Well, if you've heard me talk about our five-part marketing framework, then you know that social media, email, and your own content is Nurture content that is always going to go out to people who already know, like, and trust you, which is amazing. This is how we get people to make that decision, make that buying decision about working with us. But before we can nurture people, we have to get in front of new people. If we're not getting in front of new people, if we're not doing the Attract step of the marketing framework, then at some point, you will burn out your existing audience, you will run out of people who actually want to purchase anything from you.

It's really important that we're all consistently doing Attract marketing, that we're all consistently putting ourselves out in front of new potential clients, and then bringing them closer towards our business. One of my favorite ways, hands down, to do this is through podcast interviews and it serves me really well because I also have a podcast. I find people who like podcasts, if I'm interviewed on a podcast, they find me by skipping on over to my podcast after they heard my interview. It's been an incredible strategy and one that we have doubled down on for probably the past six or seven years now since I got really serious about pitching myself for more interviews.

In the last few years, I've hired team to help me pitch myself for more podcast interviews because it can be time intensive, it can take a lot of going back and forth to land the number of interviews that I want to land. When this email landed in my inbox, I knew I wanted to bring Danielle on because I knew what she was doing is something that is accessible for so many of you, for so many of you who are listening who are getting the ball rolling and maybe you don't have the capacity to hire a team just to pitch you for more visibility opportunities. This is a great creative way to get those opportunities.

Essentially, what happened was Danielle sent me an email where she invited me to collaborate with a podcast swap. I've only done this a handful of times but I have to say I really, really am careful who I bring on my podcast. I feel fiercely protective of my community and of the caliber of the content that I want to talk about here, so usually when I get cold pitches from people who I don't have an existing relationship with, the answer is usually no pretty much right away.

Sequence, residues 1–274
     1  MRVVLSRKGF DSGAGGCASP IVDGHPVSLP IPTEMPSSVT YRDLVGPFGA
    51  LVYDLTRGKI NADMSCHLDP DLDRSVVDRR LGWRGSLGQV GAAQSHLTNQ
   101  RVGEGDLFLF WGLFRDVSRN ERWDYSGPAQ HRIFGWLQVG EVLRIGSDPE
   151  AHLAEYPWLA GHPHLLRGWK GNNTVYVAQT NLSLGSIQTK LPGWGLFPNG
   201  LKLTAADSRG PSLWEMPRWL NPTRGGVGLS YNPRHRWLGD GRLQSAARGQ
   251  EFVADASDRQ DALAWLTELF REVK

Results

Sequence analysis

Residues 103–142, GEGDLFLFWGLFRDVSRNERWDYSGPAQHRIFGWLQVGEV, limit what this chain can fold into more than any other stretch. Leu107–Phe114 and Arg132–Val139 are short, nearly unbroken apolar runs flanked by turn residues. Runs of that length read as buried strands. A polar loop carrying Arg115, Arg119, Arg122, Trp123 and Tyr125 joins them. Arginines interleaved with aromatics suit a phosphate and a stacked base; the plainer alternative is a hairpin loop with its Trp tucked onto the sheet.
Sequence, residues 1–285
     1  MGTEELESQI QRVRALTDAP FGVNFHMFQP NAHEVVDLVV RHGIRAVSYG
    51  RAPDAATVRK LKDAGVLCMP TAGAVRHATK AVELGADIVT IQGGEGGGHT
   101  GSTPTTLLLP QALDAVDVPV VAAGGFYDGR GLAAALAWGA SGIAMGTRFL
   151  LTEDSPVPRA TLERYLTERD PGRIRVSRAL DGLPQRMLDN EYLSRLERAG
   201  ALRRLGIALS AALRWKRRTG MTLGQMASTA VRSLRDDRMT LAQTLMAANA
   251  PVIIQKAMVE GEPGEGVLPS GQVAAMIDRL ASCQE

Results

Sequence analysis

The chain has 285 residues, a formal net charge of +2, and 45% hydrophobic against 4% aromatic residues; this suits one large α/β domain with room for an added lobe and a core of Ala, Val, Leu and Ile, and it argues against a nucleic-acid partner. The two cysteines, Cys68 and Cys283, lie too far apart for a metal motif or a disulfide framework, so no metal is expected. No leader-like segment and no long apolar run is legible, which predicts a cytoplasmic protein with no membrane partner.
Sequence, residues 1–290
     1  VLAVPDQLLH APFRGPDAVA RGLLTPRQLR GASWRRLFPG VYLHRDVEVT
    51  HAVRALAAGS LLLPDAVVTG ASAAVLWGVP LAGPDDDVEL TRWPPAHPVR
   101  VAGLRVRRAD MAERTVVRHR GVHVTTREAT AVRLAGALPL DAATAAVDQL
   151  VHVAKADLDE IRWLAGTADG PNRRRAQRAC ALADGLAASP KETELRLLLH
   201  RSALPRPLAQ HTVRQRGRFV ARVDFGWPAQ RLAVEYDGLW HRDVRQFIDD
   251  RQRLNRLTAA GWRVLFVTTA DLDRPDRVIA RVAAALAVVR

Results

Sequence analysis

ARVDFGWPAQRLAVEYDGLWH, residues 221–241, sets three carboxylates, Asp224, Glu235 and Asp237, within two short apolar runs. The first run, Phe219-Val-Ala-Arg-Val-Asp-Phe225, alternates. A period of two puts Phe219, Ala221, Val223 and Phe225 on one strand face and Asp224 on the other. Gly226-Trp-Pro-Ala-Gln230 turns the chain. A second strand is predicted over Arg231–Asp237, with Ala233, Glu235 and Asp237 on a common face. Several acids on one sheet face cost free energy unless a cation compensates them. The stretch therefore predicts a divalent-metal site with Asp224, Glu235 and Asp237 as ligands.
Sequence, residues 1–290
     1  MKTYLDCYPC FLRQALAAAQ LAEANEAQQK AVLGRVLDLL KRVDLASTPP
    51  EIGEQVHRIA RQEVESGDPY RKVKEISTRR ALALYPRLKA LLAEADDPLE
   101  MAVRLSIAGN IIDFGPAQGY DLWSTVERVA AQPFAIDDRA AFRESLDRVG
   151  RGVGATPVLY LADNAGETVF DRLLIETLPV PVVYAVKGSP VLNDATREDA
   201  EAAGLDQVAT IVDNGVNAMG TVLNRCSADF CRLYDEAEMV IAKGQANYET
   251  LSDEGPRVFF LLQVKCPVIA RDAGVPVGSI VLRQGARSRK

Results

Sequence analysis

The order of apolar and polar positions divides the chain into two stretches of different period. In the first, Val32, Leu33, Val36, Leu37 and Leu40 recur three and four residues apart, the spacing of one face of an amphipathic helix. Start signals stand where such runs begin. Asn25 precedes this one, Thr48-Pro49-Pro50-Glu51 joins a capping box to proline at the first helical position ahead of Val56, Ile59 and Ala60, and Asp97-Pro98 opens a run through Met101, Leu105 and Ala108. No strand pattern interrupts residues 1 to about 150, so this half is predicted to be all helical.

But there was something about the way that Danielle positioned this and approached me with it that it just felt so authentic and like such a win-win. I knew that this would be a great, great conversation. I hope you enjoy. We are going to go deep with Danielle Weibe of the Business Babes Collective to learn all about collaborations, to learn all about how you can start doing things like interview swaps and other creative collaborative ideas to get in front of more potential clients and build that network of peers who are going to make those introductions and open those doors for you. I hope you enjoy.

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I highly encourage you to go over to rachealcook.com/calculator. The link will be in the show notes. Grab the Get Paid Calculator along with the other resources I mentioned in this series and you will be absolutely on the path to a predictably profitable business.

Hey, Danielle. I'm so glad you're joining me today.

Danielle Weibe: Thank you so much for having me. I'm excited for this conversation.

Racheal Cook: Well, when you and I connected, you shared something that I thought was so important for more entrepreneurs, especially women entrepreneurs to embrace, and that's the idea of more strategic, profitable collaborations and partnerships. But before we dig into all things collaborations and partnerships, I want to get to know a little bit more about you and your entrepreneurial journey. Can you share a little bit with us about what the Business Babes Collective is and how you got started?